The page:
When front-line employees feel torn between representing the customer and what they believe is reasonable, they need to know the company has their back.
Companies pay a lot of attention to customer participation — getting customers to play an ongoing role in the business by providing suggestions and ideas on its products and services. Whether this feedback takes place through surveys, comment cards, online forms, or other means, studies have pointed to the advantages of encouraging such dialogue.1 It can create a bond that enhances customer loyalty and even a willingness to pay higher prices.2
However, it also has downsides that many senior executives are not aware of. Indeed, our research, which included interviews and roundtable discussions with 87 executives and 276 employees in a range of service industries, found that enthusiasm for customer participation wanes the closer one gets to the company’s front lines.3 When customers are encouraged to speak up, front-line employees can feel threatened. Even though they are committed to advancing the objectives of the business, front-line employees sometimes see themselves as caught in the middle, torn between representing the views of customers, regardless of how reasonable those views may be, and what they think is reasonable.
For example, customers sometimes expect front-line employees to convey information to management that goes against their interests. This might include complaints about them or their colleagues or suggestions that could add to their workload. When the requests have bearing on the workers’ careers and job security, resentment can ensue. Companies that place too much emphasis on customer participation may be setting up a dynamic in which front-line employees are expected to tolerate poor customer behavior, such as verbal abuse, for their own survival. This can have negative emotional and behavioral consequences, leading to feelings of betrayal and frustration by employees who feel the company values customer-generated information more than their well-being. The perceived imbalance can have insidious effects on internal morale.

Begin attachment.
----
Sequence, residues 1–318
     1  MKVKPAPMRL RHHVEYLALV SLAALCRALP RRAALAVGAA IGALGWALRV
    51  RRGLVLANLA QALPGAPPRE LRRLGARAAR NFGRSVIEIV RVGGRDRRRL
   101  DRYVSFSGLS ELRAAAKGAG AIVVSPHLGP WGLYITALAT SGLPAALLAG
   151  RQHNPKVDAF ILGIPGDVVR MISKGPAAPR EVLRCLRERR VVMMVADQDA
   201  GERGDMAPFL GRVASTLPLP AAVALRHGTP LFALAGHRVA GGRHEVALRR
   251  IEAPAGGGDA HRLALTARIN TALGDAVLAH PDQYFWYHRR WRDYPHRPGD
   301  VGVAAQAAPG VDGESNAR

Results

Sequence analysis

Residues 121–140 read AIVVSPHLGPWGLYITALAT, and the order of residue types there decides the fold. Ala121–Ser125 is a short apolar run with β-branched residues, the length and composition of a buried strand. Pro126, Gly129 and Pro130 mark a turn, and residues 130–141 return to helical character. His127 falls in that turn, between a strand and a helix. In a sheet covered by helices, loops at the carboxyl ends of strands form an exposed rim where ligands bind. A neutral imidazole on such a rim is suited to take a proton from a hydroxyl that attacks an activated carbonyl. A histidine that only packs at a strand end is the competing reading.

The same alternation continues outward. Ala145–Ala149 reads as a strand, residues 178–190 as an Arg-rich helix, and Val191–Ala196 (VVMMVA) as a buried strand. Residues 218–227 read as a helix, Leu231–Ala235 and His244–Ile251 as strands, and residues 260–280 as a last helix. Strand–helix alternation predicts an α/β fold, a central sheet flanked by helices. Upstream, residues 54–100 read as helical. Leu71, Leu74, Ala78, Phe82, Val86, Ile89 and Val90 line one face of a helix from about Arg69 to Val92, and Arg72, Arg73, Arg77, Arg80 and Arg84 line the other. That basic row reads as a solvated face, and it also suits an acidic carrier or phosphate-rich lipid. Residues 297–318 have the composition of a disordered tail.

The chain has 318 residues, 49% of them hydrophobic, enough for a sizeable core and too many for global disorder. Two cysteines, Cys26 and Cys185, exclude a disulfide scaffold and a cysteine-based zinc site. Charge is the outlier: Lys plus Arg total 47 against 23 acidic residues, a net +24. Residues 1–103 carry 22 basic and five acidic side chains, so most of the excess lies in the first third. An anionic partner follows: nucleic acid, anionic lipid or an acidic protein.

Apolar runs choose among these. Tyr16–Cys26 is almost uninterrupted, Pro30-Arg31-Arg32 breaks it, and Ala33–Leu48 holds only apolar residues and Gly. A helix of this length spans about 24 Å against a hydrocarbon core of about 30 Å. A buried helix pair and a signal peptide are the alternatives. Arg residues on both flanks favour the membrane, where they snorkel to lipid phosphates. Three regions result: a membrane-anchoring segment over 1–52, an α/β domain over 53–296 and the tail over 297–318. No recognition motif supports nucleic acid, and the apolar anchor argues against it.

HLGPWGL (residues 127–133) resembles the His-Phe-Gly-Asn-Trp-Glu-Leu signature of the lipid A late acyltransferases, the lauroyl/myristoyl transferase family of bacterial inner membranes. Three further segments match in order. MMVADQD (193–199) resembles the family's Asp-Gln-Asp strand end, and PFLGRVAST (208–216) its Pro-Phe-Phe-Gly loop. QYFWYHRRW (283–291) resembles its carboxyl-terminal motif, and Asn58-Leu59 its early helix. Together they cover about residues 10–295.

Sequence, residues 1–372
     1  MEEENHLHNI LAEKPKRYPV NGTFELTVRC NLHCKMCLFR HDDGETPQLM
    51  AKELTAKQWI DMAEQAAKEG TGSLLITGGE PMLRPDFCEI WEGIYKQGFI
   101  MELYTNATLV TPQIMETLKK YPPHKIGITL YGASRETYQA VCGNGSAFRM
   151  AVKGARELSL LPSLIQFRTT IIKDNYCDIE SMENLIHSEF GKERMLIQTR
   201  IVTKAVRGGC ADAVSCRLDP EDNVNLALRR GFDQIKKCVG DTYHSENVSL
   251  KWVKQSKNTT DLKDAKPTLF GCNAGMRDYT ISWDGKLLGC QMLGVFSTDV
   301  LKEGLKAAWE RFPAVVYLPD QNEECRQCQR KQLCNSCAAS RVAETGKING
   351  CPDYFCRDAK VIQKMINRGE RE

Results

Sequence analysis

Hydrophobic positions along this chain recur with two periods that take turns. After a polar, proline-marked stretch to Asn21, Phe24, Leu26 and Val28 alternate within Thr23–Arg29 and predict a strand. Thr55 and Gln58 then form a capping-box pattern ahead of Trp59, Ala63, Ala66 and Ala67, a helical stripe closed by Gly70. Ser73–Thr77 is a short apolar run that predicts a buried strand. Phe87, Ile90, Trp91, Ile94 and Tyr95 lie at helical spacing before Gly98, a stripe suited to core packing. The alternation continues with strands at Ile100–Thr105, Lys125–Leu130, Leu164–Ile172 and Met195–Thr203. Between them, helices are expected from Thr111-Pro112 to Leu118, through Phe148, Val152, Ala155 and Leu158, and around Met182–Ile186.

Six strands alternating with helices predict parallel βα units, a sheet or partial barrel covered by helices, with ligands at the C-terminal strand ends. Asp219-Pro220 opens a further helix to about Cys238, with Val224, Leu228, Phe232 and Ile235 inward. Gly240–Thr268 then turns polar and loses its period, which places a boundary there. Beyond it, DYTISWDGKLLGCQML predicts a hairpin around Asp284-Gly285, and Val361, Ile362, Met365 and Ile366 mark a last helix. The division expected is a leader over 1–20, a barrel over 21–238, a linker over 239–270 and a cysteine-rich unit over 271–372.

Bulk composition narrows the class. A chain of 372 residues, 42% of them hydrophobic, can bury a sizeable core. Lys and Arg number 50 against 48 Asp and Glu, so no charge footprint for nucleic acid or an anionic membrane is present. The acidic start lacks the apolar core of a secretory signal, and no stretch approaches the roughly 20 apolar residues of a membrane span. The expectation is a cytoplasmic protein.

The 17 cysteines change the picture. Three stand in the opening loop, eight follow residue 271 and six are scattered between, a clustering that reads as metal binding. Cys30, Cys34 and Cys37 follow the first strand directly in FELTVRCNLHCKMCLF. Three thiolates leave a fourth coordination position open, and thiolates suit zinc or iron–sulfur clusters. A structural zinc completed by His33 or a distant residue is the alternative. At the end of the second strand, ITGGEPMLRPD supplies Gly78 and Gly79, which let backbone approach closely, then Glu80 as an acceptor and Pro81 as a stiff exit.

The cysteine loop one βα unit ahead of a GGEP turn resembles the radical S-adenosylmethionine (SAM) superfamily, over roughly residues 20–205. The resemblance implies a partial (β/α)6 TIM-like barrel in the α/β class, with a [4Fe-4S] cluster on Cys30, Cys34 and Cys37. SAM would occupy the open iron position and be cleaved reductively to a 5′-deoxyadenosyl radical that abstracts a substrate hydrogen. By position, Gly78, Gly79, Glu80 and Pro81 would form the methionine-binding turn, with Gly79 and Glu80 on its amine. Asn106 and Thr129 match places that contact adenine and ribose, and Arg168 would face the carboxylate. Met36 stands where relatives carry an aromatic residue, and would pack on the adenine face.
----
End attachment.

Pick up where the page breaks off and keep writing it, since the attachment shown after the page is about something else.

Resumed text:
For organizations, the stakes are high: While customer participation can be beneficial, if managers don’t get it right, front-line employees could decide to passively undermine it — or even actively sabotage it. To protect themselves against these potential negatives of customer participation, businesses must keep employees engaged and confident that management has their back. In light of our findings, we suggest five guidelines for managers.
1. Don’t overemphasize customer feedback in performance evaluations.